Looking for Lapland Longspurs!
This winter Westervelt Ecological Services played host to a few rare birds at the Burke Ranch Conservation Bank, located in Solano County, California. Two dozen Lapland longspurs (Calcarius lapponicus) were observed flocking and foraging around the vernal pool grasslands in late February. The flock was predominately Chestnut-collared longspurs, with a few Lapland longspurs mixed in. Longspurs, named for an elongated claw on the hind toe, typically winter in the Midwest and are a rare sighting for California birders. In fact, the last known sighting of a flock this large occurred nearly 20 years ago in the neighboring Yolo County.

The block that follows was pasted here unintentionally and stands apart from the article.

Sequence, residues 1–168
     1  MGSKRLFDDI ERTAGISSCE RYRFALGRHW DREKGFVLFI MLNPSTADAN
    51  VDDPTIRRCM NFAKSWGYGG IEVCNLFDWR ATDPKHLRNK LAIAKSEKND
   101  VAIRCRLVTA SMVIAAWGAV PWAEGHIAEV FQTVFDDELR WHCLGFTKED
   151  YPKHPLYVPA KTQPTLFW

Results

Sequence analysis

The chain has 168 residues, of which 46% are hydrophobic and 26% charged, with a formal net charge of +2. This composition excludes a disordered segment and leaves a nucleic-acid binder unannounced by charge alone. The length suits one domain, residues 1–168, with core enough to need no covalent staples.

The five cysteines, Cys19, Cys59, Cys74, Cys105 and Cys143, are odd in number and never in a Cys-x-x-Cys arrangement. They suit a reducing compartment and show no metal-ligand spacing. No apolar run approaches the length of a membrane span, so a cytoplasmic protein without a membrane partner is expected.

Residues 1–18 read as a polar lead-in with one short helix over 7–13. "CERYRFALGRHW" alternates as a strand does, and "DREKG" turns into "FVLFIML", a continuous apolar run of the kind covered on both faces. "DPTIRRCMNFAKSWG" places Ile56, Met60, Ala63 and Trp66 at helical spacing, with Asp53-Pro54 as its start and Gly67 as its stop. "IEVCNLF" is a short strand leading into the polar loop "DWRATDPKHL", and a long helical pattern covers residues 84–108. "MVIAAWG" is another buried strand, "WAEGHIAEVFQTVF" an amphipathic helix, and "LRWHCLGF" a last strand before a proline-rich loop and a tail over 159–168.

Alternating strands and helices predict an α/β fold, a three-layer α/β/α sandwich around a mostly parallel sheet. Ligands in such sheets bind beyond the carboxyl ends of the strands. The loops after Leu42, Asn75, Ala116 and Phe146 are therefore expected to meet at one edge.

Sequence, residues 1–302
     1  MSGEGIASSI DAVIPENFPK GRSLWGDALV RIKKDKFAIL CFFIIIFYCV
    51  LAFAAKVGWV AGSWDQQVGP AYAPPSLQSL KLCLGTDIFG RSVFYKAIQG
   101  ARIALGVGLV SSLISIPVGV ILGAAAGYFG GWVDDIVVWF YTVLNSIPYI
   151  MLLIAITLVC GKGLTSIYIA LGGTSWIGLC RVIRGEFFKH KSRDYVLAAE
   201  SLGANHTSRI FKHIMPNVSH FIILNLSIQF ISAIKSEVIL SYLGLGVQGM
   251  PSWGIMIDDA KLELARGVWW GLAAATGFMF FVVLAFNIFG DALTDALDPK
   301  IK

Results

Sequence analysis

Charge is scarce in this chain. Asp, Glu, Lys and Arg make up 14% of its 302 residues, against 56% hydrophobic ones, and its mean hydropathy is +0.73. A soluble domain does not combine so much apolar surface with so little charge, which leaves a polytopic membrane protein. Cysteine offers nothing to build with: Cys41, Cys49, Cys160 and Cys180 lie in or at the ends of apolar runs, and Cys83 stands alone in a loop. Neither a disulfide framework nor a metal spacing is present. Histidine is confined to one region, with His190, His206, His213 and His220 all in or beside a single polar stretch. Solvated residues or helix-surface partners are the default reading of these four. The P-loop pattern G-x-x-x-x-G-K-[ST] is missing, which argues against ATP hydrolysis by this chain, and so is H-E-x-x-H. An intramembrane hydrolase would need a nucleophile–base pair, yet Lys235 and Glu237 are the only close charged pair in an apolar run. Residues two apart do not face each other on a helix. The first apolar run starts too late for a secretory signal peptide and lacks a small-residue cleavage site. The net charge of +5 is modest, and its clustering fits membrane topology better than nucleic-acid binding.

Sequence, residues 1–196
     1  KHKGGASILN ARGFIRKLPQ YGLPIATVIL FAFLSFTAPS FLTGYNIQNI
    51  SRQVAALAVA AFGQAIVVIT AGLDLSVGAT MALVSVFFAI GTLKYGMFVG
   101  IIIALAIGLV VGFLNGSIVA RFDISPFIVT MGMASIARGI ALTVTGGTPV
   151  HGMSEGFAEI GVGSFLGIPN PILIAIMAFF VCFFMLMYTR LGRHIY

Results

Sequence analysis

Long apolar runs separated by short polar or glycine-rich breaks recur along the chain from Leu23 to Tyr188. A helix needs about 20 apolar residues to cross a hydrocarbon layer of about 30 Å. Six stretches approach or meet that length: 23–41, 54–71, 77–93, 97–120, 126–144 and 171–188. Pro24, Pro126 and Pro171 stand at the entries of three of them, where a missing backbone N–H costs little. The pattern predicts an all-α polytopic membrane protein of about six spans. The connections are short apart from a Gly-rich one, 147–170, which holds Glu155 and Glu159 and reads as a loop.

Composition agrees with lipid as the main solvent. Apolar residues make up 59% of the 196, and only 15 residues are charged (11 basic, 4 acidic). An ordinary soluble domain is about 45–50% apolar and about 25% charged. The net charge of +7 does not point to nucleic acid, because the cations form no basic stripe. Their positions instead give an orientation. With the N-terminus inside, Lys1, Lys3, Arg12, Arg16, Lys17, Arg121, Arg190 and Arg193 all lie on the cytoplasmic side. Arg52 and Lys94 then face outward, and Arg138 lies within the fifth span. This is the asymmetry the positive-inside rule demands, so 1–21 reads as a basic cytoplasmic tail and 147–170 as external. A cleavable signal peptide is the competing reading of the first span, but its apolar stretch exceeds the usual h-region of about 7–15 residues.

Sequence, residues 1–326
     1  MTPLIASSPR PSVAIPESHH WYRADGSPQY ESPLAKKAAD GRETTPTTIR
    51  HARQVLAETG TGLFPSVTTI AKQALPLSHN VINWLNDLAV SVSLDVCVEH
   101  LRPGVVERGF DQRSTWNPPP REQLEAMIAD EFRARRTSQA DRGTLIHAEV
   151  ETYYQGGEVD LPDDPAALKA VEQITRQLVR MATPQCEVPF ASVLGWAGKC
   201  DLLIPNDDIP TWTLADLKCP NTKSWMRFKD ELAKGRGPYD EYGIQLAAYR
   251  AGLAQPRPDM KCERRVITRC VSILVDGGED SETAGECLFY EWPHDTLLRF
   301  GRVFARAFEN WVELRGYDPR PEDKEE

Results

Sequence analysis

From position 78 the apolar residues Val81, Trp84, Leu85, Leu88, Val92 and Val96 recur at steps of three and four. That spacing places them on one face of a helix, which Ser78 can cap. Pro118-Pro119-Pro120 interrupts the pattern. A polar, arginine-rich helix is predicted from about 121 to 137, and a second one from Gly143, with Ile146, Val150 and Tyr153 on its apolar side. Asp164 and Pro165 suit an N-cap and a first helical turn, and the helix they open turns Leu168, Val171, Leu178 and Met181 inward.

These sparrow-sized birds will leave our site around late March as they return north for the breeding season. Chestnut-collared longspurs will fly to the northern continental United States where the males will regain their breeding plumage featuring a deep rusty band on the nape, honoring the Chestnut-collared name. Lapland longspurs typically travel even farther north to the Arctic tundra, where they will enjoy continual daylight in the summer. We at Westervelt enjoyed their presence on our Bank and hope to see them again next year.